By Katherine Dickson
Director of Vocational Discernment
and Community Engagement
It was a full year for the Theological Commons at MTSO. Events new and recurring brought nearly 500 attendees to campus. Our events are carefully designed and selected to follow the newly adopted Theological Commons mission and vision statement:
As a theological school, we believe we are called to share our intellectual resources with the church and the world in numerous ways, through the education of our students and in dialogue with our broader community. We do this in part through the Theological Commons, a learning network built on partnerships of scholarship, inquiry and practice. By offering events, learning resources and continuing conversation, the Theological Commons promotes the sharing of knowledge and experience between students, faculty, clergy and the public for the benefit of all participants and those they serve.
The Theological Commons presented a few spring events I'd like to highlight.
In March, we brought together community nonprofit leaders, pastors, seminarians, MTSO alumni and other members of the public for "Developing Community: A Toolkit for Doing Nonprofit Work." More than 50 people participated in the day-long workshop, with seven presenters offering breakout sessions throughout the day and networking with students over lunch.
Keynoter Rev. John Edgar focused on asset-based community development; Rev. Julia Nielsen presented on sustaining volunteers; Christine Shaw keynoted on writing and managing grants; Robert Caldwell shared on unifying the religious and nonreligious around a common mission; Angela Plummer spoke on the development of a nonprofit from her experience as executive director of the Columbus Refugee and Immigration Services; Chad Hansen gave an instructional presentation on tax law and other nonprofit business aspects; and Claudine Leary talked about overall development practices for nonprofits.
(A new nonprofit conference focusing on community organizing and development is planned for Sept. 19-20. Information is in the story above.)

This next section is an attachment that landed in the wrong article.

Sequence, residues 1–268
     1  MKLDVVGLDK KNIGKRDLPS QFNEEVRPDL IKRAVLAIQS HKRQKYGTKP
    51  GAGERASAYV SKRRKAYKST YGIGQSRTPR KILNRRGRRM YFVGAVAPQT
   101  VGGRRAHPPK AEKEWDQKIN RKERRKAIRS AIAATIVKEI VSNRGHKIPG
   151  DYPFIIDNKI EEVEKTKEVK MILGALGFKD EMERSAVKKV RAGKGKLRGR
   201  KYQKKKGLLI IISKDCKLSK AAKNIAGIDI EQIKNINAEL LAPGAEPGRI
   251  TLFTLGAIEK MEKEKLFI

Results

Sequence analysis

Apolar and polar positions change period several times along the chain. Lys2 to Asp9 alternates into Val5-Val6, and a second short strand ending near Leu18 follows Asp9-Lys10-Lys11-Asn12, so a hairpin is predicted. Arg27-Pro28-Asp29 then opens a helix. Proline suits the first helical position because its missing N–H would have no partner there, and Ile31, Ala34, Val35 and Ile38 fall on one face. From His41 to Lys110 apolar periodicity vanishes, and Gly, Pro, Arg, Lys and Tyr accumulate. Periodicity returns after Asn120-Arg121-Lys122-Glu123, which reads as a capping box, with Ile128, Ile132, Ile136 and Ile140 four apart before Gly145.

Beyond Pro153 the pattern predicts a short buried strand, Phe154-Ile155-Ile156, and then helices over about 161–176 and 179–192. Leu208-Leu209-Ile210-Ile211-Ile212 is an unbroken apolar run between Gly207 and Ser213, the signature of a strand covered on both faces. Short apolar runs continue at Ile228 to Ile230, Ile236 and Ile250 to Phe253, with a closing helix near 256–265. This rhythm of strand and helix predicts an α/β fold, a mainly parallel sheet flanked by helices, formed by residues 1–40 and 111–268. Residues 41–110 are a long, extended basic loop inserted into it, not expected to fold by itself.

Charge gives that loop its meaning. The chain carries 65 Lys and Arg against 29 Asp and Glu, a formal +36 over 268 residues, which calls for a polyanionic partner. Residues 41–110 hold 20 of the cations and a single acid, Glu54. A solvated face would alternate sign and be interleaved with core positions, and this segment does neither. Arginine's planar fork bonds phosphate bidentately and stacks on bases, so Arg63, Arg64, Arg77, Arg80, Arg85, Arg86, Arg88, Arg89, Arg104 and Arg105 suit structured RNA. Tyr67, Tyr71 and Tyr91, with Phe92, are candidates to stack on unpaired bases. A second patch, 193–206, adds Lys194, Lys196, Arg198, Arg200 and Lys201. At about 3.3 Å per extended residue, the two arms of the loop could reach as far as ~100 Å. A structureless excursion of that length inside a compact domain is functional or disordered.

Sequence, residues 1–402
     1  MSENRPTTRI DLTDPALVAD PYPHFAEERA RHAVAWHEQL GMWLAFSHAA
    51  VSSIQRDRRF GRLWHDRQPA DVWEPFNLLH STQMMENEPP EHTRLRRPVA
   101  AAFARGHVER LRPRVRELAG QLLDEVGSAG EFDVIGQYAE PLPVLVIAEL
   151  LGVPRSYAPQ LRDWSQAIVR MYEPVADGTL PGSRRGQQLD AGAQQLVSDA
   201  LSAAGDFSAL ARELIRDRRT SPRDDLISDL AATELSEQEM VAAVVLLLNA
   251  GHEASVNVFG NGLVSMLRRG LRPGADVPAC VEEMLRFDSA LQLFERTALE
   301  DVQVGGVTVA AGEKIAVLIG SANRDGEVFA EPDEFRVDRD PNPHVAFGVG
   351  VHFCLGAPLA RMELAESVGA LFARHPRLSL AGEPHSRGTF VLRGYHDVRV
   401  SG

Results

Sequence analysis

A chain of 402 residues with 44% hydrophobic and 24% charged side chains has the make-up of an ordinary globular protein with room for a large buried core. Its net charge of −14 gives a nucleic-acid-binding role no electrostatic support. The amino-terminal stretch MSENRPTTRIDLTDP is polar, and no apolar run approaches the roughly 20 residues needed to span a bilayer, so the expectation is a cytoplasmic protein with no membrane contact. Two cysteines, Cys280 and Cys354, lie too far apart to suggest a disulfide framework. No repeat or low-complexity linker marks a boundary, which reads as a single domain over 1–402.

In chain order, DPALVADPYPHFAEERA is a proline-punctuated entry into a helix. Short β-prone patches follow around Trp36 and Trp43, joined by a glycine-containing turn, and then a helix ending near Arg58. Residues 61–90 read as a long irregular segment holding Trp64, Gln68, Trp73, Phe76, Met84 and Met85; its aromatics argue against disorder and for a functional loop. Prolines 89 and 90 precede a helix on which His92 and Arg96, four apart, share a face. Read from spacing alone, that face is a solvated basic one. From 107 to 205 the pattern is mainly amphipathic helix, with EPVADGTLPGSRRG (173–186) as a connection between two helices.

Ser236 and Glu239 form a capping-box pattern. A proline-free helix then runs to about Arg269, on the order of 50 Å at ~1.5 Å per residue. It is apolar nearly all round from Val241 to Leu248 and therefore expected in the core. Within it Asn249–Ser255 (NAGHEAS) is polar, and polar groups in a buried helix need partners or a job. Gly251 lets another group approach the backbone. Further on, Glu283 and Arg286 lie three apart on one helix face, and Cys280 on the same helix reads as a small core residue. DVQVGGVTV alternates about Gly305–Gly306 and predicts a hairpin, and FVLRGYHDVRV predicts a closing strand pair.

Another key event highlighted the research of Professor Linda Mercandante on those who consider themselves spiritual but not religious. Dr. Mercadante, who holds the Straker Chair of Historical Theology, offered a free March lecture and signed her new book, Belief without Borders: Inside the Minds of the Spiritual but not Religious. You can read the introduction of her book here.
An April event highlighted MTSO's commitment to sustainability. We screened the documentary Chasing Ice, which follows National Geographic photographer James Balog and his Extreme Ice Survey to publicize the effects of climate change. The director and some of the production crew were on campus to show the film and lead discussion for faculty, staff and students, with a public showing for more than 60 people in the evening.
The crew discussed ecology and theology with students and enjoyed farm-to-table fare from Seminary Hill Farm, calling it "some of the best food in the Columbus area." The team made DVDs available for all, and many students have shared the work with their congregations or in other small-group settings. For more information about the film or to obtain a DVD for your own personal or congregational use, please email me at firstname.lastname@example.org.
To cap off the year, MTSO hosted participants in the Sermons of Wesley Project, through which people of color read the sermons of John Wesley together. The two-day event capped eight months of study, bringing together people from the North Central Jurisdiction of the United Methodist Church for lectures, discussion, reflection and fellowship.
The Sermons of Wesley Project was sponsored by the Theological Commons and the East Ohio Conference Racial-Ethnic Ministries Office. It was funded by the General Commission on Religion and Race.
The Theological Commons is planning another rich and varied slate of events for the upcoming academic year. We hope you'll plan to join us.